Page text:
Consider the surface z=thaita (sorry i dont know how to spell it) in cylindrical coordinates shown in figure 3. Find aparametric representation of this surfaceAttachment 23728

I dont even know where to start, please help me out

thanks

- Apr 28th 2012, 08:46 PMmath254Finding a parametric representation of the surface, (vector calculus) please help me
Consider the surface z=thaita (sorry i dont know how to spell it) in cylindrical coordinates shown in figure 3. Find aparametric representation of this surfaceAttachment 23728

I dont even know where to start, please help me out

thanks - May 1st 2012, 02:22 PMIvanator27Re: Finding a parametric representation of the surface, (vector calculus) please help
I'll try and help you out, I've never really used cylindrical co-ordinates but I do know that they're defined by three properties; the radial distance from the z-axis, the azimuth (angle to) of the point and height z.

Your equation http://latex.codecogs.com/gif.latex?\large z=\theta would result in a straight line on the z-axis since the distance from the z-axis isn't mentioned. Are you sure the equation is correct as it clearly doesn't correspond with the diagram.

Try it, let http://latex.codecogs.com/gif.latex?\large r = 0, http://latex.codecogs.com/gif.latex?\large \theta =t and http://latex.codecogs.com/gif.latex?\large z = t on this grapher, the result is just a straight line.

surf_graph_cylin - May 2nd 2012, 01:11 AMBobPRe: Finding a parametric representation of the surface, (vector calculus) please help
Why $\displaystyle r=0$ ?

Try the plotter with $\displaystyle r=t$, $\displaystyle t=0$ to $\displaystyle 5, $ and $\displaystyle \theta = z = s,$ $\displaystyle s = 0$ to$\displaystyle 15.$ - May 2nd 2012, 09:41 AMIvanator27Re: Finding a parametric representation of the surface, (vector calculus) please help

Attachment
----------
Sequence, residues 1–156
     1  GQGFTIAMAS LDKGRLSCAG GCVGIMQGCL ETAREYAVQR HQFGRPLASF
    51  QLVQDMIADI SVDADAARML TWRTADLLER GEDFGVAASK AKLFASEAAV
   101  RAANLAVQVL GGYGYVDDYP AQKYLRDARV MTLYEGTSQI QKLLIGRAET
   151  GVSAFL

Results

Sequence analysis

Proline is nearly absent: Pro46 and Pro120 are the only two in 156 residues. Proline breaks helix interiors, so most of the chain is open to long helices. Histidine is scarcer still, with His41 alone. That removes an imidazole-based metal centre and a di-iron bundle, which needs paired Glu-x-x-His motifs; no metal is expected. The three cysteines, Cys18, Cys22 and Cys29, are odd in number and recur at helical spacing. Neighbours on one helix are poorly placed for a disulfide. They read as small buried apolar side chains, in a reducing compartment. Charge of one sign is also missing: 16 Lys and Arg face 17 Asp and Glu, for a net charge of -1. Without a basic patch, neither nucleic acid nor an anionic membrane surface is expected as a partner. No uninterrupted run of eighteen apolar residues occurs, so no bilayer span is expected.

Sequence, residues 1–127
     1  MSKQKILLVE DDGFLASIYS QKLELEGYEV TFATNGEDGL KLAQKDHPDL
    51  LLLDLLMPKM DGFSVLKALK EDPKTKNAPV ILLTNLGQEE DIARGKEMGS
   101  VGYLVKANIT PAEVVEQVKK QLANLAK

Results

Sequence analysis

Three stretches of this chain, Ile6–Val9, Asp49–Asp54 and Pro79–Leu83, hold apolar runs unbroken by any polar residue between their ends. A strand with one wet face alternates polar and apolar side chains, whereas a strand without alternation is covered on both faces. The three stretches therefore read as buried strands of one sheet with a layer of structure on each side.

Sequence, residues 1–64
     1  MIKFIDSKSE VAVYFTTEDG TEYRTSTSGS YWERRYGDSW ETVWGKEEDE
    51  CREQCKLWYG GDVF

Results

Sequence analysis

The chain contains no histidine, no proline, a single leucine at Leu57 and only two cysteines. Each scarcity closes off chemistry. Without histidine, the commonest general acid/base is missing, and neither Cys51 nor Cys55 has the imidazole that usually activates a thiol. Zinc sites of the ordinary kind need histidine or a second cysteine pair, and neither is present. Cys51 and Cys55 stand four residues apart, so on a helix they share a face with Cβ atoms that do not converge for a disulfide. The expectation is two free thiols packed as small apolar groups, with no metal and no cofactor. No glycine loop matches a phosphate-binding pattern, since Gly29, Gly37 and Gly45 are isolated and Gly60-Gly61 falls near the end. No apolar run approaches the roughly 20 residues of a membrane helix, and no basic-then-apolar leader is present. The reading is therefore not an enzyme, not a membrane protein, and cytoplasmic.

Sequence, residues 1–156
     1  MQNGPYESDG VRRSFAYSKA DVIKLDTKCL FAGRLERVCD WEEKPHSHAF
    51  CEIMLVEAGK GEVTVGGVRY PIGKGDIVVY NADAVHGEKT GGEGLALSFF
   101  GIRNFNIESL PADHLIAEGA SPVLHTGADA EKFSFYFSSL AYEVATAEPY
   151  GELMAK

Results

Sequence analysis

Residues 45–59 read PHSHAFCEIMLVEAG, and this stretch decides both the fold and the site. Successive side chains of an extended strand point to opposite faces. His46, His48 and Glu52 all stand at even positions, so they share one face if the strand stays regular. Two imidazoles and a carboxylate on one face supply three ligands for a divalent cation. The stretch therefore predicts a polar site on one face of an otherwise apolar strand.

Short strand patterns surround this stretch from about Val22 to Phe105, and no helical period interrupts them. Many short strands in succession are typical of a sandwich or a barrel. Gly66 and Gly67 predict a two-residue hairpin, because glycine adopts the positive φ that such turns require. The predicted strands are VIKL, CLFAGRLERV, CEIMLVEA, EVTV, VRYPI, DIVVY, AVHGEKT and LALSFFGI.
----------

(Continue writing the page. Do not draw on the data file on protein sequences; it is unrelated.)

Hmmm, I understand what you're saying, but if r isn't explicitly defined surely that means it's either irrelevant hence http://latex.codecogs.com/png.latex?r=0 or it's true for all values of r: http://latex.codecogs.com/gif.latex?...n%20\mathbb{R}, why would the equation http://latex.codecogs.com/gif.latex?\large%20z=\theta imply that http://latex.codecogs.com/gif.latex?...5%20\right%20]?

I'm not criticising you, just brainstorming. =)

I think an appropriate parametric representation would be:

http://latex.codecogs.com/gif.latex?\large%20r%20=%20t

http://latex.codecogs.com/gif.latex?\large%20z%20=%20s

http://latex.codecogs.com/gif.latex?...\theta%20=%20s

where: http://latex.codecogs.com/gif.latex?...n%20\mathbb{R} and http://latex.codecogs.com/gif.latex?...n%20\mathbb{R}

That does seem a bit silly but it's all I've got at the moment. - May 3rd 2012, 12:43 AMBobPRe: Finding a parametric representation of the surface, (vector calculus) please help
I chose $\displaystyle r = 0\rightarrow 5,$ (and $\displaystyle \theta = z = 0\rightarrow 15),$ for no particular reason other than it gives a reasonable plot (and produces something like the surface shown in the original question) whereas $\displaystyle r = 0\rightarrow\infty$ does not. Just for example really.

If there are no limits specified then I think $\displaystyle \infty$ is correct, afterall if you were asked to plot, in [2D], $\displaystyle y=1$ for example, you would draw, or at least imply, a line of infinite length, not a single point at $\displaystyle (0,1).$ - May 3rd 2012, 08:16 AMIvanator27Re: Finding a parametric representation of the surface, (vector calculus) please help
If the diagram weren't present I'd think the answer I gave was correct but I'm thinking that some information is missing. Given how the diagram looks

http://latex.codecogs.com/gif.latex?\large%20r%20=%20t

http://latex.codecogs.com/gif.latex?\large%20z%20=%20s

http://latex.codecogs.com/gif.latex?...\theta%20=%20s

where: http://latex.codecogs.com/gif.latex?...n%20\mathbb{R} and http://latex.codecogs.com/gif.latex?...n%20\mathbb{R}

...doesn't seem possible.